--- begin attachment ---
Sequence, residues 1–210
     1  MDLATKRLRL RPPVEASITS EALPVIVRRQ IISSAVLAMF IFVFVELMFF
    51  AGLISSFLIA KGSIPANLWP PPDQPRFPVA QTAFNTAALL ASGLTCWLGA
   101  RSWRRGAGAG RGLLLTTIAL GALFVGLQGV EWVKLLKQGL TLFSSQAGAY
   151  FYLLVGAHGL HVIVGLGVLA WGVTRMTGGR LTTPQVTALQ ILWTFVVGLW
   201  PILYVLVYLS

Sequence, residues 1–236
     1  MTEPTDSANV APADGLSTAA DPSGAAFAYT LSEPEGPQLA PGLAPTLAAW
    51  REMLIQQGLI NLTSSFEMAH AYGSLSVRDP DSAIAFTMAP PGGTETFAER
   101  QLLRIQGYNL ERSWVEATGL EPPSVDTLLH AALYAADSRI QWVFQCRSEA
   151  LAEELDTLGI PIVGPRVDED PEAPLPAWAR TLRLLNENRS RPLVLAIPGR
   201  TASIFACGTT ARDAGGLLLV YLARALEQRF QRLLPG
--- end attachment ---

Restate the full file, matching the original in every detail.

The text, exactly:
Sequence, residues 1–210
     1  MDLATKRLRL RPPVEASITS EALPVIVRRQ IISSAVLAMF IFVFVELMFF
    51  AGLISSFLIA KGSIPANLWP PPDQPRFPVA QTAFNTAALL ASGLTCWLGA
   101  RSWRRGAGAG RGLLLTTIAL GALFVGLQGV EWVKLLKQGL TLFSSQAGAY
   151  FYLLVGAHGL HVIVGLGVLA WGVTRMTGGR LTTPQVTALQ ILWTFVVGLW
   201  PILYVLVYLS

Sequence, residues 1–236
     1  MTEPTDSANV APADGLSTAA DPSGAAFAYT LSEPEGPQLA PGLAPTLAAW
    51  REMLIQQGLI NLTSSFEMAH AYGSLSVRDP DSAIAFTMAP PGGTETFAER
   101  QLLRIQGYNL ERSWVEATGL EPPSVDTLLH AALYAADSRI QWVFQCRSEA
   151  LAEELDTLGI PIVGPRVDED PEAPLPAWAR TLRLLNENRS RPLVLAIPGR
   201  TASIFACGTT ARDAGGLLLV YLARALEQRF QRLLPG